With vastly different approaches, both teams headed to the boardroom.
Team Valor once again emerged victorious in the business challenge. Sityodtong credited the win to a superior concept and praised Millington’s ability to build brand identity.
Conversely, Ang, Chung, and Wilson from Team Conquest were named as possibly the first to be eliminated.
Chung delivered a passionate speech about changing his life and the inspiration he took from Sityodtong’s own rags-to-riches life story, which moved the ONE CEO.
That kept Chung on the show, but Wilson’s passiveness and Ang’s lack of contribution saw both of them eliminated from the competition.
Wilson may be born in Oklahoma, but he was bred by his experiences all across Asia.
Having that background is something the former American football stud made his dent as one of the 16 candidates in The Apprentice: ONE Championship Edition.
“I have worked in many different countries with many different people,” he said. “So I think the ability, in The Apprentice setting, to be able to work and get along with people from other countries, is crucial.”
Wilson could be considered as a globe-trotter, leaving the United States to go to Japan as he advanced in his athletic career after his days for Princeton.
But his daring persona, one who’s willing to go out of his comfort zone, was greatly helped by the presence of his Filipina wife Carmina Mancenon-Wilson.
“I like to be in a place I don’t quite understand, where people are speaking a language I do not know, and everything’s operating a bit differently,” he said.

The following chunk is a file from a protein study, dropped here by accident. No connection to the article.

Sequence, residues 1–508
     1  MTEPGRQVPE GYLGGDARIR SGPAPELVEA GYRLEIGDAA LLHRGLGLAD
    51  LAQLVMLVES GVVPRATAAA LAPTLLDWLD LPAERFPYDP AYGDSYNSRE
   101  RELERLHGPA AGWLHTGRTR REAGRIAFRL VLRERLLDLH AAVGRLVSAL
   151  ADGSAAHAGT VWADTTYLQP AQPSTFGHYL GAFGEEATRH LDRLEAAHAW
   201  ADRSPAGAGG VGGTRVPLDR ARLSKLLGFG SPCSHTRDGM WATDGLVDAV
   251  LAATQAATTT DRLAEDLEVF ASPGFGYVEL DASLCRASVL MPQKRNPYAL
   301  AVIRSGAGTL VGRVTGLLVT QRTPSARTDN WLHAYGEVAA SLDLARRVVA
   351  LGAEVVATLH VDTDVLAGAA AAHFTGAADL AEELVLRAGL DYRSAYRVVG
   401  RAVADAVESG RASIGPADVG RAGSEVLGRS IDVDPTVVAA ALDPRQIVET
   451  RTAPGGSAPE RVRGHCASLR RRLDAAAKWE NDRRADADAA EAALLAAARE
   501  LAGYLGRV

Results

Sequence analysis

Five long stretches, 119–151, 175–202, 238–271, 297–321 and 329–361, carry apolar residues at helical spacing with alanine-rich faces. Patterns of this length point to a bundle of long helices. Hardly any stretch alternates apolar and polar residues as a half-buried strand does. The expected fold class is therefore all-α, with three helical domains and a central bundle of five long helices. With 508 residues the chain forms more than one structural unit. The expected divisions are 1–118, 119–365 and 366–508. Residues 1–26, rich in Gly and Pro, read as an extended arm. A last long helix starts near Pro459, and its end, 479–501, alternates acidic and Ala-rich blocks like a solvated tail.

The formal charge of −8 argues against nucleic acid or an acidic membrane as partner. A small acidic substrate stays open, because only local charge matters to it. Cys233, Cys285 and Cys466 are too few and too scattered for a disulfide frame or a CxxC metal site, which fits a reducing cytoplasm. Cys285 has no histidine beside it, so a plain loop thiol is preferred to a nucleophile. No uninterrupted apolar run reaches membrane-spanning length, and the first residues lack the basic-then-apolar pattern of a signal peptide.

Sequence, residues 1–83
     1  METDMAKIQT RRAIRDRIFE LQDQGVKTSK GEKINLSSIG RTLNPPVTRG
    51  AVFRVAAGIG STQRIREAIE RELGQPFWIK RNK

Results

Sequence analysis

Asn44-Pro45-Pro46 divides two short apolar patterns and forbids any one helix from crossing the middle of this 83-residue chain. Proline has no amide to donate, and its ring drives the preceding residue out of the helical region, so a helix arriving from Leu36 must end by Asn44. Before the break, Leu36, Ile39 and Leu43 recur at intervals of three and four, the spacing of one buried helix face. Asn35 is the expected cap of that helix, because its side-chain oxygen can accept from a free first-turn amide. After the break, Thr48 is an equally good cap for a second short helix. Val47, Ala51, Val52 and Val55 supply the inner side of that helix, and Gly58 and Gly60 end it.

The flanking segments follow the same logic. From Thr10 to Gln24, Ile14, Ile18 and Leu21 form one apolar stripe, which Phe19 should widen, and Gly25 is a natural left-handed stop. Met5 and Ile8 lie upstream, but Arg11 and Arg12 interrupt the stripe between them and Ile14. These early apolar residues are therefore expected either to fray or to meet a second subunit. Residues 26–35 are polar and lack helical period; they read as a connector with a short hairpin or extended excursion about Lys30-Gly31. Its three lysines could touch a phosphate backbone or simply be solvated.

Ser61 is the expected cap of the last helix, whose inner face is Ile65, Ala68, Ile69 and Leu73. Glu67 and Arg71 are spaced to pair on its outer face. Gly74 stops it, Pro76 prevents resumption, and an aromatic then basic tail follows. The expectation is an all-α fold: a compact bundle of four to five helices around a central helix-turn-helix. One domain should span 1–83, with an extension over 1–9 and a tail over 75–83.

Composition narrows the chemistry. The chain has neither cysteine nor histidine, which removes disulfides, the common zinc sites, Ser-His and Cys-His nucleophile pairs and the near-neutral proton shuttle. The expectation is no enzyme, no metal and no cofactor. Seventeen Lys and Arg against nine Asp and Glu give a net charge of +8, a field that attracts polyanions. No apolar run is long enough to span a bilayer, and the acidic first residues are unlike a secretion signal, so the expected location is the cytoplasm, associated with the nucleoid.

Carmina, of course, was with Roman’s side all the way.
It was she who exposed Wilson to the Filipino’s way of life starting from the time Roman was still wooing her.
“The first week we met, she was visiting her parents in Japan when I was living there. We only had about a week of time to get to know each other before she had to fly back to graduate school in the US. She was only there for a week, but a week was enough time for me to know that I wanted to be with her. That’s when we started to discuss if we want to start dating and pursue our relationship,” Roman shared.
As relentless as Wilson was in the gridiron, he’s just as intense in his pursuit of Carmina.
It didn’t matter that they’re miles apart from each other. Roman still found a way to Carmina’s heart — one he found through her parents who are living in Japan.
“After she went back to the US, I started the ligaw process with her parents,” he said.
“I spent every weekend at her parents’ house in Japan, having lunch and dinner with them, talking to them, going to church with them, just actually spending time with her parents. It was a chance for me to understand her from the perspective of the people who have essentially formed who she is, who Carmina is today. And I sang Tagalog songs in front of the entire family and ate balut.”